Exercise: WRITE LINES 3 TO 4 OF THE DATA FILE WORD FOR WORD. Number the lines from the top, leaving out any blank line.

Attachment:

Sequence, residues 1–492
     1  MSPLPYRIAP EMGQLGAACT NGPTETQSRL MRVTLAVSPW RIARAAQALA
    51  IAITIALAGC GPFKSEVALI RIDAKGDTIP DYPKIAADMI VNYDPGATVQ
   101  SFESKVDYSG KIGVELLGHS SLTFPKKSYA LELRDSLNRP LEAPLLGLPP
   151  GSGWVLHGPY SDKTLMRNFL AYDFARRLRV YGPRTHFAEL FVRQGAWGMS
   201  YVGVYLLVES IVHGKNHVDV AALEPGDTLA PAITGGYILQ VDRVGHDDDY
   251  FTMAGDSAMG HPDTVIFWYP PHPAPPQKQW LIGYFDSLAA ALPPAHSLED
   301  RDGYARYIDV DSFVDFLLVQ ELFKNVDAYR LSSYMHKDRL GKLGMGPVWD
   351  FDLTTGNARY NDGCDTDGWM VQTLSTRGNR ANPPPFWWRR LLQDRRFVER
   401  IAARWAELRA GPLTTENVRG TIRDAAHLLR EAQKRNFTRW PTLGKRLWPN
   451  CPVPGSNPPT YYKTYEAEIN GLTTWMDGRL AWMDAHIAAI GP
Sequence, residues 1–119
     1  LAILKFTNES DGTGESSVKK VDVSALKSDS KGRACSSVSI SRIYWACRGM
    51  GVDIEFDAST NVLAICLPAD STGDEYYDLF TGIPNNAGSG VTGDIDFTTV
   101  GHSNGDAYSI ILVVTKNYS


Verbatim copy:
    51  IAITIALAGC GPFKSEVALI RIDAKGDTIP DYPKIAADMI VNYDPGATVQ
   101  SFESKVDYSG KIGVELLGHS SLTFPKKSYA LELRDSLNRP LEAPLLGLPP